Confirmatory factor analyses within each sample showed the best fit to the data for a threefactor model underlying the CoSI. Measurement invariance tests, using multigroup confirmatory factor analysis, indicated that the relationships among the scale items were equivalent across cultures. Finally, in addition to traditional measurement equivalence tests, a nomological net has been investigated. A comparison of the correlations between cognitive styles and personality yielded partial measurement equivalence, with no significant differences between the two samples for 11 out of the 15 correlations. Overall, the study supports the cross-cultural validity of the CoSI, although further research in other international samples is particularly needed to strengthen these results.
    • Is there a future role for HRM?

      De Vos, Ans; Buyens, Dirk (1997)
    • Is venture capital socially responsible? Exploring the imprinting effect of VC funding on CSR practices

      Alakent, Ekin; Goktan, Sinan M.; Khoury, Theodore Andrew (Journal of Business Venturing, 2020)
      We study how corporate social responsibility (CSR) is guided by ownership history, specifically whether a company receives venture capital (VC) funding or not. We argue that companies that receive VC funding are less likely to adopt CSR practices due to unique VC imprinting and that temporal and investment orientation moderate this relationship. We find that VC-backed companies have poorer CSR records, which do improve over time, but at a comparatively slower rate than non-VC-backed companies. However, when VC-backed companies receive funding from VC firms that have a responsible investment orientation and a broader stakeholder view, their CSR records are significantly better. This study contributes to our understanding of imprinting boundaries and related repercussions in stakeholder management strategies.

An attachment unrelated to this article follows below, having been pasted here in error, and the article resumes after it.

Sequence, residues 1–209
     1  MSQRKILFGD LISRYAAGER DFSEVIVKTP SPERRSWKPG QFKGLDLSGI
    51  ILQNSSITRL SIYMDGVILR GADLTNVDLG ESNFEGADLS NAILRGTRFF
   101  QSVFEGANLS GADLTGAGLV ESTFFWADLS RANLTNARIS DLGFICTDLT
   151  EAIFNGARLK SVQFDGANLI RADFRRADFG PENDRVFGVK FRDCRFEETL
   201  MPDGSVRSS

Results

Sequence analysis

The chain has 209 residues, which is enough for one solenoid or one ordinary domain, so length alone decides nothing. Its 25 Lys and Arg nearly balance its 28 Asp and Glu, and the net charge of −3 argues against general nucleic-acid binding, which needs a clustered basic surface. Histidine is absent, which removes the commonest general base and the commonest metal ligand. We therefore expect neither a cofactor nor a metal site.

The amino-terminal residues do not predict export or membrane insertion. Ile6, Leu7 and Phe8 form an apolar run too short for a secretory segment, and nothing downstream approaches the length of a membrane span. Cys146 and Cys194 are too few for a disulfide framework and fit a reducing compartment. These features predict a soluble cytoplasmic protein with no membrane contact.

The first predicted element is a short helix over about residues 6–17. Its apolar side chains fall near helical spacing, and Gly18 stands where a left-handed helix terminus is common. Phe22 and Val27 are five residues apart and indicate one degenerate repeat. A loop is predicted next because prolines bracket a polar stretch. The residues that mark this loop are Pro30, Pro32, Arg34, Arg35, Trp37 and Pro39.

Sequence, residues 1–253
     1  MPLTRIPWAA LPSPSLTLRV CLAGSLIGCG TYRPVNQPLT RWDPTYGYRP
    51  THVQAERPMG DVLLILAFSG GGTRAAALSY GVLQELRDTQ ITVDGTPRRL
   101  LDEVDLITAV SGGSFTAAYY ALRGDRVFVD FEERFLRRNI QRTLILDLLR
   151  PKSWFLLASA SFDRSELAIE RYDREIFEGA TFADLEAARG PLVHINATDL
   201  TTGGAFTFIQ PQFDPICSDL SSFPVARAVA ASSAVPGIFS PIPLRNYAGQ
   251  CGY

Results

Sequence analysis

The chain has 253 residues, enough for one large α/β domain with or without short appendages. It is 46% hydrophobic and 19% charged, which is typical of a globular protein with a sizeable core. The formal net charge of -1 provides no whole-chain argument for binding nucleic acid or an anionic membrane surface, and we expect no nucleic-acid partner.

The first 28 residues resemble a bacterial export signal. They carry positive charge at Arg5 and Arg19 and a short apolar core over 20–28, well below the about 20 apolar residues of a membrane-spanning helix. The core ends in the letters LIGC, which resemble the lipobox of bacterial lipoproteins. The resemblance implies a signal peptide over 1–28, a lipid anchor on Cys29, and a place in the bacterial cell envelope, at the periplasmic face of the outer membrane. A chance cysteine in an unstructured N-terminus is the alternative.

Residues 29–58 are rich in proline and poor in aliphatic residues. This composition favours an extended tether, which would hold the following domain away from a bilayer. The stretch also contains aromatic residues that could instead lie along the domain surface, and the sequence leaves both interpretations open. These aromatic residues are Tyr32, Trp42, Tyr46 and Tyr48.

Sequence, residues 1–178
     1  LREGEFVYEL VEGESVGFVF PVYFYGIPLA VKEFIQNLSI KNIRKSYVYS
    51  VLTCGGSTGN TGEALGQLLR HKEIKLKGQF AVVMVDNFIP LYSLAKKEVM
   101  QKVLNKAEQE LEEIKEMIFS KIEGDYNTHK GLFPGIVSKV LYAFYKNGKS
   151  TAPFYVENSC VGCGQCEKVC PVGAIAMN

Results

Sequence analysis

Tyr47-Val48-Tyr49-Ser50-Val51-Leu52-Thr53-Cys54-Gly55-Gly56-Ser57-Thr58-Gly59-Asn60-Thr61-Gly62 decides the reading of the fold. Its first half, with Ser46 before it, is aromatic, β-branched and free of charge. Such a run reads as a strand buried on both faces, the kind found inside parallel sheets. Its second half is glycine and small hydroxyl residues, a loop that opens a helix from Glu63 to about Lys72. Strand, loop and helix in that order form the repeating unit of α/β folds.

• The issues that shape strategy

      Meeus, Leonardo (2020)
      Companies do not only compete in markets; they also compete on social and political issues. Depending on the business opportunities or threats they identify related to an issue, companies will behave as veterans that defend the status quo in an industry, as reformers that will work with the authorities to change the rules of the game, or as heroes that help solve an issue. In this article, we identify the typical elements of success for each of these three generic nonmarket strategies. We do this based on a framework that focuses on the framing of issues, the alliances that can be mobilized around an issue, and the arenas that can be used to make a move.
    • The issues that shape strategy

      Meeus, Leonardo (The European Business Review, 2021)
      Companies do not only compete in markets; they also compete on social and political issues. Depending on the business opportunities or threats they identify related to an issue, companies will behave as veterans that defend the status quo in an industry, as reformers that will work with the authorities to change the rules of the game, or as heroes that help solve an issue. In this article, we identify the typical elements of success for each of these three generic nonmarket strategies. We do this based on a framework that focuses on the framing of issues, the alliances that can be mobilized around an issue, and the arenas that can be used to make a move.
    • IT and SMEs: Literature overview

      Devos, Jan; Van Landeghem, Hendrik; Deschoolmeester, Dirk (2009)
    • IT enabled change: the TPI project at Philips

      De Graaf, Anouk; Vanhaverbeke, Wim (2001)